Several people have asked me why we chose to replace the capture system in 1.31: in an already overdue major release, it seems like we could have spent our time on better things.
The real driver behind replacing the Battleground Europe capture system, without going straight over to an area-capture system, came out of something far more important: changes to the client engine for performance, stability and improving graphics capabilities (which enables more eye candy but was done for performance reasons; with today’s graphics cards, eyecandy features tend to be done on the card, so making use of them helps improve performance).
Jaeger made some radical changes to our terrain engine, which required a large artwork overhaul to comply with. It also presented us with one critical dilemma.
The previous terrain system used marker objects that the player had to come into contact with to initiate capture. These are sometimes referred to as “happy monkey heads”. In pre-alpha the original artwork for them was exactly that :) They later became a table with a radio on it, and finally in 1.30 they became crates.
Here’s the scary thing. They are all manually placed. So for every capture building, there are actually two manual objects: the enclosing building and the table. Ick!
The terrain changes would have required us to manually revisit every single capture table! That’s over 5,000 individual objects. That would be nearly 25 weeks of man work …
Fortunately, the way that a table becomes a capture object turned out to be transferable: they could fairly easily transfer it from the table object to the horizontal surfaces of capture buildings.
Ramp, who was leading the client part of this work, came and discussed this change with me. We looked through the code and estimated the work involved in supporting this change in the host code.
Overhauling the capture code to support this change mean’t a lot of work since it mean’t actively modifying the parts of the strat system I had left in-tact.
However: as we looked, we also saw that this presented an opportunity to discard all of the old code sitting under my layers of new code. It came down to a matter of risk.
In the old code, there are multiple-tiers of data to be massaged and manipulated. The capture object – the table – has to have it’s visual state tied to strat data. When a facility is not capturable, the table is hidden; when the facility is on a timer to becoming capturable, the table is visible with no radio, and finally when the facility is capturable, table and radio appear.
In turn, this adds lots of exception cases to everything that massages object states – which are usually related to damage and destruction.
Also – the previous model applied the capture system on a per-building level. That means that every capture-condition clause was applied to ~53,000 entities rather than 5,000…
I realized an opportunity: we could wholly separate the underlying state system (strat) and the rules. This would make the code much, much simpler, far more readable (maintainable) and expose us to far less risk (the more exceptions “if”s and “else”s in your code, the more complex any testing has to be).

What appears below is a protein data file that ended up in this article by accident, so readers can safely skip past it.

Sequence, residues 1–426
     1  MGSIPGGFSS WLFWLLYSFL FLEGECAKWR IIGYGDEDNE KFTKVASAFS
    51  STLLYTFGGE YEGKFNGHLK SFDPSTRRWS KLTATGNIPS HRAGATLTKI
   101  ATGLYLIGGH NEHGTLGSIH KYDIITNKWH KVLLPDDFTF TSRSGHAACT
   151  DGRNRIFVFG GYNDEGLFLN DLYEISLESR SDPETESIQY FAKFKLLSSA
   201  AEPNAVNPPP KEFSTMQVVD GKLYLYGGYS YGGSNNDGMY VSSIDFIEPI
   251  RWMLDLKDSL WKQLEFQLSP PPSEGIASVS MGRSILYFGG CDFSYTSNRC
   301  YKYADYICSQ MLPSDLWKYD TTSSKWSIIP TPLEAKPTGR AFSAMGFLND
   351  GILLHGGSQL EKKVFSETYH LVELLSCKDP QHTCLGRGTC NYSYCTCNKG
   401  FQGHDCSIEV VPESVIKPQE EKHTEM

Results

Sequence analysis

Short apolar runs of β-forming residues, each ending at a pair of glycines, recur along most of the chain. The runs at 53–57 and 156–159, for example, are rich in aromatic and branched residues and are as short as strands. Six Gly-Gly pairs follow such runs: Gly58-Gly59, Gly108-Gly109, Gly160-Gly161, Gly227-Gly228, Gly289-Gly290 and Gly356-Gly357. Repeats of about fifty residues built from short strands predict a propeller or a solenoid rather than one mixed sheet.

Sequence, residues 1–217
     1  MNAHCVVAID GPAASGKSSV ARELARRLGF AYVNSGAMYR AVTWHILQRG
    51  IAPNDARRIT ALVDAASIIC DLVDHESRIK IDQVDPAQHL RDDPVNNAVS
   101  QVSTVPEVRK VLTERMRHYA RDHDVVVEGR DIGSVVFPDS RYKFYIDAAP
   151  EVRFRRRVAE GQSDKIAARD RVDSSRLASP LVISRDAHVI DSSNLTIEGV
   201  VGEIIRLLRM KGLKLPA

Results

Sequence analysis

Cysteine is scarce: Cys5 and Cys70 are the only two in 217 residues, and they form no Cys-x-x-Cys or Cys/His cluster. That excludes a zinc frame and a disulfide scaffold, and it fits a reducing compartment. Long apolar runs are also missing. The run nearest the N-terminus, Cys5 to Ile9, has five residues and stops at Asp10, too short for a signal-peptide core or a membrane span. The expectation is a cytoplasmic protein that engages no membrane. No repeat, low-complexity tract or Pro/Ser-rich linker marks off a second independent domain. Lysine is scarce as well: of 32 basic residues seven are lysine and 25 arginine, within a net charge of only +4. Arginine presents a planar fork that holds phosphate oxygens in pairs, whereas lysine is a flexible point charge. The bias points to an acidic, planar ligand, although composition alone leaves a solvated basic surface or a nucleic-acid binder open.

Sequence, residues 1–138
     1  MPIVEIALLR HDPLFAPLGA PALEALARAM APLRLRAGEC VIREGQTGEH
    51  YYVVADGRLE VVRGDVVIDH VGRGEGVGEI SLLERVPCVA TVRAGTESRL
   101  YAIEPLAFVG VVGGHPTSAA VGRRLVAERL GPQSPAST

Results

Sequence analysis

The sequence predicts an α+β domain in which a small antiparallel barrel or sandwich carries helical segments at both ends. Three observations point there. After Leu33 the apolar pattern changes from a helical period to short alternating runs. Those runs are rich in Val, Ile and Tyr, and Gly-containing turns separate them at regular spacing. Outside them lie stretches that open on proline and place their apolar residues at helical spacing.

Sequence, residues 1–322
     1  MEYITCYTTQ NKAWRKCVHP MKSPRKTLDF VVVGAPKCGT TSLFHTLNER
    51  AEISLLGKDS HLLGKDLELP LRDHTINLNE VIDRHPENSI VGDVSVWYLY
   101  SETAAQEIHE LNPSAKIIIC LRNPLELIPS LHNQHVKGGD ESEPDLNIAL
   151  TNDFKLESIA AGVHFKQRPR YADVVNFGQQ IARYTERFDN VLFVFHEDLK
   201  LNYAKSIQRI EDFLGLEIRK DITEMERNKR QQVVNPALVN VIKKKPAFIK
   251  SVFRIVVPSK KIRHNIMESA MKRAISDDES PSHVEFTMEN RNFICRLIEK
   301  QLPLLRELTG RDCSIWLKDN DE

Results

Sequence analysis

- Move it to per-facility, reducing the overhead and complexity by a factor of 11.
- Given the capture-state it’s own discrete encapsulation (class), which replicated the upper-levels of the old model for easy migration.
- Remove the old client-fired capture events in favor of purely host tracking.
- Replace the client-fired messaging/network overheads with a simpler, clean interface to our Lua engine so that the rules can be abstracted in Lua.
- Create a Lua environment for translating events into capture state changes.
This gives us an awful lot of future proofing. The current “capture system” – by which I mean the C/C++ code – has no idea how stuff gets captured, it just knows what to do when it does get captured :)
All of the rules are implemented in Lua. We sacrifice a little runtime performance for a lot of ease of expression.
It also ensures that the two are implemented discretely. That means the C++ code is no-longer littered with special cases for handling capture, and the capture code is no-longer littered with clauses to ensure we aren’t accidentally looking at objects that we shouldn’t be (I mean, special cases; obviously both systems still have fundamental validation ;-P)
All of which was far easier to get done than it would have been to migrate the old code base to the new system. It would have taken a long time to rewire the old system without tripping mines embedded in special cases where some hard-coded value had special significance to some other system.
So why didn’t we go the whole hog and implement area capture or some other fancier system?
Well, again, see the original reason for doing this work. We got done what needed to be done, and we brought the capture system light years ahead of where it used to be. We also turned it around from a system that was a million years from being area-capture ready to an underlying infrastructure that can support area capture without having to know about it, and a rule system that can implement area capture without needing additional server infrastructure to support it.
We also were able to migrate the capture system from a layer wedged brutally into various other layers, to a discrete system that is well integrated with the client etc, that I think will be alot easier for new players to understand. (I suspect it will confuse established players for a while).